We are independent & ad-supported. We may earn a commission for purchases made through our links.
Advertiser Disclosure
Our website is an independent, advertising-supported platform. We provide our content free of charge to our readers, and to keep it that way, we rely on revenue generated through advertisements and affiliate partnerships. This means that when you click on certain links on our site and make a purchase, we may earn a commission. Learn more.
How We Make Money
We sustain our operations through affiliate commissions and advertising. If you click on an affiliate link and make a purchase, we may receive a commission from the merchant at no additional cost to you. We also display advertisements on our website, which help generate revenue to support our work and keep our content free for readers. Our editorial team operates independently of our advertising and affiliate partnerships to ensure that our content remains unbiased and focused on providing you with the best information and recommendations based on thorough research and honest evaluations. To remain transparent, we’ve provided a list of our current affiliate partners here.

What is the Stall Torque?

By N. Kalu
Updated May 17, 2024
Our promise to you
About Mechanics is dedicated to creating trustworthy, high-quality content that always prioritizes transparency, integrity, and inclusivity above all else. Our ensure that our content creation and review process includes rigorous fact-checking, evidence-based, and continual updates to ensure accuracy and reliability.

Our Promise to you

Founded in 2002, our company has been a trusted resource for readers seeking informative and engaging content. Our dedication to quality remains unwavering—and will never change. We follow a strict editorial policy, ensuring that our content is authored by highly qualified professionals and edited by subject matter experts. This guarantees that everything we publish is objective, accurate, and trustworthy.

Over the years, we've refined our approach to cover a wide range of topics, providing readers with reliable and practical advice to enhance their knowledge and skills. That's why millions of readers turn to us each year. Join us in celebrating the joy of learning, guided by standards you can trust.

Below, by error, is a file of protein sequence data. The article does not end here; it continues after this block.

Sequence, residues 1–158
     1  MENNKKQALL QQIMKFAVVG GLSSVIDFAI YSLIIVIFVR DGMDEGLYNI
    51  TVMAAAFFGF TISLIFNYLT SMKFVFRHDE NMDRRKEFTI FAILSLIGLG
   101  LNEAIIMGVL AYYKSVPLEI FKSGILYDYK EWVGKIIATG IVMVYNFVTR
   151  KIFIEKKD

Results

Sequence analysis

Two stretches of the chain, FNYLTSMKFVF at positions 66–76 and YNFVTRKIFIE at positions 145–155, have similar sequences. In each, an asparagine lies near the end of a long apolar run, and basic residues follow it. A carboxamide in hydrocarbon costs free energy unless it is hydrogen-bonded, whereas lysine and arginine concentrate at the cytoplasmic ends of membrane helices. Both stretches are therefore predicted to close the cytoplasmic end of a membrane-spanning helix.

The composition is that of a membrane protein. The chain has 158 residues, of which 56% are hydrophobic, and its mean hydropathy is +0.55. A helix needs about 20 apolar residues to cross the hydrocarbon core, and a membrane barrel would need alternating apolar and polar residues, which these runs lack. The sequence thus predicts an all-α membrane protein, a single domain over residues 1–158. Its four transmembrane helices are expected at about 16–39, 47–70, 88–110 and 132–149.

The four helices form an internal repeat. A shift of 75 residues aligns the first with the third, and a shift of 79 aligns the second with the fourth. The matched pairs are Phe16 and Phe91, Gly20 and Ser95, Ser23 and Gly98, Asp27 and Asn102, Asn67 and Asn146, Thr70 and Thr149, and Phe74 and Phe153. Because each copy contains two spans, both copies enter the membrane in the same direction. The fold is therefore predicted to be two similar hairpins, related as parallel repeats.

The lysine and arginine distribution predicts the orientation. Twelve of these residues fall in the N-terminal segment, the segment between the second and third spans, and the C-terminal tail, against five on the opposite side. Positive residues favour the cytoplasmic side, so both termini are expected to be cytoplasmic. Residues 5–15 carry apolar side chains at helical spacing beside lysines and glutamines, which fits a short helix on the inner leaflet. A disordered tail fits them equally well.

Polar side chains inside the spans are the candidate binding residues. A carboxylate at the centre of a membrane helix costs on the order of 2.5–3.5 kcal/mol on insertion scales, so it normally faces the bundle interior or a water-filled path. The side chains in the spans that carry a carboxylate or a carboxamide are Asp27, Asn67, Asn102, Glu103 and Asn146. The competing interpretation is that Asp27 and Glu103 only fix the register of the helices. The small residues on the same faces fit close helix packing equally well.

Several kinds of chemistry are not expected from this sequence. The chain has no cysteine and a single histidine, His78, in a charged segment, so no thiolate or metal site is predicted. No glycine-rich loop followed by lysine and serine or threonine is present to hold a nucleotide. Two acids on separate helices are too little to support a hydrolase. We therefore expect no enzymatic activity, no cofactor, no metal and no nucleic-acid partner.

Editorial Standards

At About Mechanics, we are committed to creating content that you can trust. Our editorial process is designed to ensure that every piece of content we publish is accurate, reliable, and informative.

Our team of experienced writers and editors follows a strict set of guidelines to ensure the highest quality content. We conduct thorough research, fact-check all information, and rely on credible sources to back up our claims. Our content is reviewed by subject-matter experts to ensure accuracy and clarity.

We believe in transparency and maintain editorial independence from our advertisers. Our team does not receive direct compensation from advertisers, allowing us to create unbiased content that prioritizes your interests.

Stall torque refers to the torque of a device when that device's rotational speed reaches zero. It can also refer to the torque load needed to cause the device's rotational speed to drop to zero. A motor stall torque is equal to the motor's maximum torque, which is usually zero revolutions per minute.

Devices that produce this sort of torque include electrical motors, steam engines, and hydrodynamic transmissions. For electrical motors, torque can still be measured even when these motors are stalled. Maximum continuous stall torque refers to the greatest amount of torque that a stalled motor can provide without overheating or causing damage to itself.

Hydrodynamic devices such as a fluid coupling, a device used to move mechanical power from one step to the next, can also produce a stall torque. This device's torque corresponds to the maximum amount of torque it can produce without breaking or damaging. Measuring torque while the unit is stalled is the best way to gather accurate information.

Various types of torque converters have measurable stall torques as well. For these devices, the stall torque is greater than or equal to the maximum output torque for a given input speed. The industry standard by which all other converters are judged is the Borg Warner torque converter, designed by a fluid dynamicist from General Motors. The Borg Warner converter is considered the standard because of its unique qualities while stalled, including its resistance to moving around in stall mode.

A torque converter multiplies the stall torque ratio of a normal torque device. It is used to move vehicles with automatic transmissions by allowing the engine to spin without being tied to the transmission. Torque multiplication from a converter is dependent upon four factors: the size and shape of the turbine, and the size and shape of the stator blades. Typical ratios for automotive purposes range from 1.8:1 to 2.5:1.

Torque is also related to a rotational device's revolutions per minute (rpm). At zero torque, the maximum rpm can be reached. Maximum rpm occurs when the motor is not under any specific load, such as an automobile frame or a large conveyor. In this case, the rpm is referred to as free rpm. The formula which relates these different factors is: T = Ts - (N Ts ÷ Nf) where T equals the torque at N rpm, Ts equals stall torque, and Nf equals the free rpm.

About Mechanics is dedicated to providing accurate and trustworthy information. We carefully select reputable sources and employ a rigorous fact-checking process to maintain the highest standards. To learn more about our commitment to accuracy, read our editorial process.
Discussion Comments
About Mechanics, in your inbox

Our latest articles, guides, and more, delivered daily.

About Mechanics, in your inbox

Our latest articles, guides, and more, delivered daily.